This is a guest post from Vera Marie, a free lance writer who blogs about books, movies and travel at A Traveler’s Library.
I was hooked on the Minoan culture, when I first saw their art. These beautiful creations had been conceived by an artist who lived 2000 years ago. As it turned out, that first Minoan painting I saw was painted in 1905, a recreation of the Minoan (1900-1500 B.C.E.) wall murals at Knossos.
My husband and I had put Knossos, near Heraklion, at the top of our must-do list for our visit to Crete. We had already gazed at the high walls and the Lion’s gate of the later-period Mycenaean palace attributed to Agamemnon in the northern Peloponnesus. Now we were following the Myceaneans’ path south to Crete for our own more peaceful raid.
The Aegean Sea laps the northern shore of Crete and the warm Libyan Sea caresses the south shore, making Crete the dividing line between Europe and Africa. Warm, sandy beaches lapped by turquoise waters, include the only palm-shaded beach of Europe. The appeal of lolling in the sun competes with the lure of trails wander over mountains and deep gorges. Or you can do as we did, and chase the Minoans all over the island.
Ghosts Of Knossos
We started with Knossos, a glorious site partially (and questionably) reconstructed by Arthur Evans, the man who unearthed the ruins from pieces that local farmers found to be a bit of a nuisance. From the many guides hanging out by the gate, we hired a young woman who explained Arthur Evans as well as what is known of Knossos.
Legends told of the land where the people worshipped the Minotaur—half bull, half human– and from this legend and stories of King Minos, Evans derived the name Minoan for the civilization. According to the myth, every year Minoans came to Athens (then a poor city state) and carried off a flock of young men and women to be sacrificed to the Bull-god. The young men performed in the bull-jumping—a ballet of beast and man illustrated on the Minoans’ art.
Because the Minoan palaces lack the tall walls that surround Mycenaean ruins, and their art subjects tend to fishing boats, fashionable young men and women, dolphins and flowers, Evans concluded that they were an idyllic and peaceful society. You can see rooms full of this art at the Heraklion Archaeological Museum.
Today’s reconstructed and brightly colored walls of the Knossos palace irritate purists, but I found it helpful to see this partially restored site before exploring the un-restored sites. Gradually, as I meandered across Crete, picking my way over stony paths, I began to recognize the pattern—the grand entry, the storerooms for wine and grain, the places of worship and tiring rooms for the priests.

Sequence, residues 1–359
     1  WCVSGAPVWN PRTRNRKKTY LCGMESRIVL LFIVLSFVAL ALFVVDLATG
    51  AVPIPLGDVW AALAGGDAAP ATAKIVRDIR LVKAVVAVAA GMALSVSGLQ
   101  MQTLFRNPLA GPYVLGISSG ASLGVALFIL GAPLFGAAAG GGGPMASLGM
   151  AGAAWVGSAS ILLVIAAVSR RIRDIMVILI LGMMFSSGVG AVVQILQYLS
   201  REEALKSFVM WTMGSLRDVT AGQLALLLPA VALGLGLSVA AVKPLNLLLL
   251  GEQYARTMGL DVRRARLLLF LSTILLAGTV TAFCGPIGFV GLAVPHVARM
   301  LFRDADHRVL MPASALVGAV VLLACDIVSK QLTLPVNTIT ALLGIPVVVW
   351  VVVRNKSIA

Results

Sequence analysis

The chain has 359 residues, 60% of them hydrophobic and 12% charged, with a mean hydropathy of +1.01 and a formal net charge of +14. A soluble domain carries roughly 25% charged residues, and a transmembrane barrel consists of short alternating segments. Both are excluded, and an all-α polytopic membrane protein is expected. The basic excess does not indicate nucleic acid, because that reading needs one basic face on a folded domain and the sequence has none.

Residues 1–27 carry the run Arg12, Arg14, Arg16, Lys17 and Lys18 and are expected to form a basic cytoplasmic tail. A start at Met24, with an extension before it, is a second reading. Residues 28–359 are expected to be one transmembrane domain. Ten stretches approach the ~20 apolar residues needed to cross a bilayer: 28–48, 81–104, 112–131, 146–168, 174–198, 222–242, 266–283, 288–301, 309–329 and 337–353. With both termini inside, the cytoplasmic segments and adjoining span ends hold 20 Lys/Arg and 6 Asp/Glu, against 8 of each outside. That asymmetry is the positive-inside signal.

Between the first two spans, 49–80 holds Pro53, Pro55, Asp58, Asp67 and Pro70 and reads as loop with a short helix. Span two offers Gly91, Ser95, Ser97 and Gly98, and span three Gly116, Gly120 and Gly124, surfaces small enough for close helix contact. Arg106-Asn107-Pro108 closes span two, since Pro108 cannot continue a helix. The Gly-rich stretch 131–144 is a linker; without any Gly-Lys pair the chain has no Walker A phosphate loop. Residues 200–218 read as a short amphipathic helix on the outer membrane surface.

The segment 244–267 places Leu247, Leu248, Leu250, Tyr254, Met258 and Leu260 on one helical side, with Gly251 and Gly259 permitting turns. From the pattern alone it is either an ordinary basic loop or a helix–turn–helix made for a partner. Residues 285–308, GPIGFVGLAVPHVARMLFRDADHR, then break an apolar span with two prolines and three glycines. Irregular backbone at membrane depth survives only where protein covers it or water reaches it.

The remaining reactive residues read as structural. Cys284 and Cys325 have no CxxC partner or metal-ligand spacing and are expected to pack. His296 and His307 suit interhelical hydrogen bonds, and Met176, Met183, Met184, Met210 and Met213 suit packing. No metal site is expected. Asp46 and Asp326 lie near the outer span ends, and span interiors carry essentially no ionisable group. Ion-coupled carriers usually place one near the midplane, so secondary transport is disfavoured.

In the mountains above Knossos, we followed a sign that said “Minoan palace.” The country lane led through a vineyard and ended just in front of a collection of rocks in the pattern of an ancient house. The Cretan farmer’s house, built of the same rock, sat a stone’s throw away.
We went on to stop at Minoan ghost palaces scattered across Crete. From every major or minor palace, glorious views greeted us—panoramas from the edge of a mountain or ocean views.
The Minoan outpost called Akrotiri on nearby Santorini stands as it was on the day a volcanic eruption buried it. (A roof over the excavation collapsed several years ago, and reopening has been delayed several times. You probably will not be able to enter it in 2010.) Strangely, unlike Pompeii, no bodies were found. The people must have escaped by boat before the final eruption.
The Mystery Of The Minoans
Although archaeologists discovered several samples of writing in two different scripts, one has only an inventory list and the other has never been fully deciphered. Although the bull figure dominates art, no concrete evidence of bull pens or the legendary bull jumping arenas were found. The lack of walls seems to indicate a peaceful kingdom, but some believe they practiced human sacrifice. Although it was long believed that the eruption of Santorini’s volcano spelled doom for the Minoans, new evidence disproves that theory. Akrotiri’s discovery led to theories that the Minoan settlement on Santorini was the true Atlantis—an intriguing set of speculations.
If you love a good mystery, take a trip to Crete and go in search of the Minoans.
See more information on the Minoans as part of this site about Ancient Greece. Don’t miss the site’s great maps of the topography of Crete, modern cities, and ancient Minoan as well as Greco-Roman settlements.
Thank you very much Vera for the guest post. You can read more of Vera’s writing at A Traveler’s Library, a blog about books, movies, and travel.